Letters

A fun place to go in Section 16
       A few years ago I went on several hikes with the Saturday Knights, Colorado Springs' oldest hiking club which has been around for more than 100 years. On one of those hikes, we ate lunch in one of the club's special caves. We were virtually sworn to secrecy as to the location of that cave.

Don Ellis at age 8 on the quarter-mile ridge.
Courtesy of Don Ellis

       Maybe just about every hiker has favorite, special places which are only shared with a few trusted friends. I know that I certainly do.
       One of my special places is in Section 16. It is a walk along the crest of a low ridge of red sandstone. From the Section 16 trailhead on Gold Camp Road, it is less than a mile and a half, round-trip, more just a walk than a real hike. With the purchase of Section 16 as open space in the works, maybe it is time for me to share this with everyone on the Westside who doesn't already know it. About four tenths of a mile up from the trailhead, after the trail crosses a dry stream bed, the red sandstone ridge can be seen to the right. Just past it, the Parallel Trail branches off to the left and the Red Rock Meadow Loop Trail to the right, marked by a square post faintly painted with its name.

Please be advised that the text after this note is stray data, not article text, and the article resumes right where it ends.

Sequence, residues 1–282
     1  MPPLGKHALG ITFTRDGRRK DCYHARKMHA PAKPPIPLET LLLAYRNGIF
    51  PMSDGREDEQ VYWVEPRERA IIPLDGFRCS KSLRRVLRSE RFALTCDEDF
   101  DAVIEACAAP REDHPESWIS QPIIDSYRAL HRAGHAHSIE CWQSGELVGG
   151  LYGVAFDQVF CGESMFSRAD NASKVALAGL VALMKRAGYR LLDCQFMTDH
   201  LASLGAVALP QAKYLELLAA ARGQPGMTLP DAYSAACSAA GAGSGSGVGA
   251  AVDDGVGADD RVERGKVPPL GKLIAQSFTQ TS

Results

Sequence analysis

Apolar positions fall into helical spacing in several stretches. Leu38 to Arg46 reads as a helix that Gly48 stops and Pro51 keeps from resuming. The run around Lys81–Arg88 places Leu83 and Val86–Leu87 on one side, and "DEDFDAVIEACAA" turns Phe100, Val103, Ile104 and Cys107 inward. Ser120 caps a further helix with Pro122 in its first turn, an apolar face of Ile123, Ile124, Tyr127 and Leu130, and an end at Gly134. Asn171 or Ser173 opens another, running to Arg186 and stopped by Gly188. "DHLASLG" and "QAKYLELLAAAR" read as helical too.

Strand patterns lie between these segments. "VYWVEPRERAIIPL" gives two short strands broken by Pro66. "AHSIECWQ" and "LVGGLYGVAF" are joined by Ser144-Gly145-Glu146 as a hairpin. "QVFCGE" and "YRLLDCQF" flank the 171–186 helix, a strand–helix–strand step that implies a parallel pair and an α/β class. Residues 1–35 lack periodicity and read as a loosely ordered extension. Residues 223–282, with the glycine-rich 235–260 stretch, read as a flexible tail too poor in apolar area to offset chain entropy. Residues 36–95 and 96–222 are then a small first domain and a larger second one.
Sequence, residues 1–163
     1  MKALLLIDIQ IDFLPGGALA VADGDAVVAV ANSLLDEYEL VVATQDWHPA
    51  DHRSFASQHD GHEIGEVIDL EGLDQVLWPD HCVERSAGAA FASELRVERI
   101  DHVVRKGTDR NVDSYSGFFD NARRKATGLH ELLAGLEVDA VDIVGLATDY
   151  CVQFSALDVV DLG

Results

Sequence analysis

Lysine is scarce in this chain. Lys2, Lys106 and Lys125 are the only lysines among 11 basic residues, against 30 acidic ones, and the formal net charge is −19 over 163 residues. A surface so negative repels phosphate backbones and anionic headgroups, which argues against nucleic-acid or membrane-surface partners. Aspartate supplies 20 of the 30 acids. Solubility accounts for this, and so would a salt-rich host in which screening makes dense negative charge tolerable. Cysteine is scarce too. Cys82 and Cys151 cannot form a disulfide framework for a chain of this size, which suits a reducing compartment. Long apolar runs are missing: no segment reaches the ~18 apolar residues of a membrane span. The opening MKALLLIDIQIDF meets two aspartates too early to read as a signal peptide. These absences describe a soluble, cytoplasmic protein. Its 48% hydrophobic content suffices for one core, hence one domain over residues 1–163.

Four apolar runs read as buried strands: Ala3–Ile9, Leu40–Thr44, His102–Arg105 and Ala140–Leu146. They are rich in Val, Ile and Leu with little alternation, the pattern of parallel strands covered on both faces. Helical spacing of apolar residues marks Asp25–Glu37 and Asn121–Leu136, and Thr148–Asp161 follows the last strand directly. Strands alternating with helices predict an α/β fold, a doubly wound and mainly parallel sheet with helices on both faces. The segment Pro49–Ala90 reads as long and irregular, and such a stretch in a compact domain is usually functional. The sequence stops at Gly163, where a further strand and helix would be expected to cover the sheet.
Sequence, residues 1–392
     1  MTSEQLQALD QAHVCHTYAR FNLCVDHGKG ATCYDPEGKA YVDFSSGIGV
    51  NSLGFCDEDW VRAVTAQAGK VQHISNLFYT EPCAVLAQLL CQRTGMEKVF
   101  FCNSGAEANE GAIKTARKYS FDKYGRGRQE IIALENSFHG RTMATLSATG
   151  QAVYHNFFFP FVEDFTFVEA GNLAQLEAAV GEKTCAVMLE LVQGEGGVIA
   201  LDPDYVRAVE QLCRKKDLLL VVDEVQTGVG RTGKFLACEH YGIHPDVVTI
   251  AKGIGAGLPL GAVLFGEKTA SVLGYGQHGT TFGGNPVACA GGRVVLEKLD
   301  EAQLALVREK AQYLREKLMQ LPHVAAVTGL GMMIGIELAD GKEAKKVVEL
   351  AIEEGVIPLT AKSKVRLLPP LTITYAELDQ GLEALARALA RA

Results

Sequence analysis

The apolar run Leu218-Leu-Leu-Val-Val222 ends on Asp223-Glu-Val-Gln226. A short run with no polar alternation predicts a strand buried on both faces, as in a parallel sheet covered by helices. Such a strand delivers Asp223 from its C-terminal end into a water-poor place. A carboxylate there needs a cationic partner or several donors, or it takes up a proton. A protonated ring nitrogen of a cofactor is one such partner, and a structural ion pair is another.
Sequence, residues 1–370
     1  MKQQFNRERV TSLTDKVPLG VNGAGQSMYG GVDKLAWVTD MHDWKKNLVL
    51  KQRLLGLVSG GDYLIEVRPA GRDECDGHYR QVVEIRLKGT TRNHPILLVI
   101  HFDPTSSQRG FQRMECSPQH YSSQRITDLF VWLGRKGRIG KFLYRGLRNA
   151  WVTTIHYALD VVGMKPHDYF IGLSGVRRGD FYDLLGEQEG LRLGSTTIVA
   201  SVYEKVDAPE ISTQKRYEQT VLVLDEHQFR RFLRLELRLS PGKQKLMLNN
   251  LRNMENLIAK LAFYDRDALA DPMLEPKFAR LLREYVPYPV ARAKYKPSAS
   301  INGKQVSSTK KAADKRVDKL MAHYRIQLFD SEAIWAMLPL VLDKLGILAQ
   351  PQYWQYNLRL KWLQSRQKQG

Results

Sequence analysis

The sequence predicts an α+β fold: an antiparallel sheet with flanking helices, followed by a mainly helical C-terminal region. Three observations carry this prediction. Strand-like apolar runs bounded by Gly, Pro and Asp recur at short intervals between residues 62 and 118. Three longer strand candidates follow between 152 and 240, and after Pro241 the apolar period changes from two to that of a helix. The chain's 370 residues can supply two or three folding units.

Climbing onto the ridge crest is fairly easy. It continues to the north in a gradual downhill for a quarter mile. At its end, a gently sloping slab offers an easy way down the west side of the ridge into a forest of mature ponderosa pine where the Red Rock Meadow Loop Trail leads back up to the main trail.
       All along that quarter mile, wind and water have sculpted the cross-bedded sandstone into waves, ripples and ribs. Bathtub-size depressions hold rainwater days after a storm. There is a flat part of the ridge top which seems like the perfect place for a family picnic. Just to the east, there is another ridge of light grey sandstone. When I first went there as an 8-year-old with my mother, I called that ridge “Moonrise Rock.” Its color suggests the color of moonlight while the arc shape of its crest suggests the first sliver of moon rising above the horizon.
       This red sandstone ridge is a place of beauty for anyone. If you would discover its true magic, though, go there with an 8-year-old.
       And, you might want to go there soon. If the city imposes the same climbing regulations in Section 16 that it does elsewhere, walking this ridge would be a violation of the regulations.

Don Ellis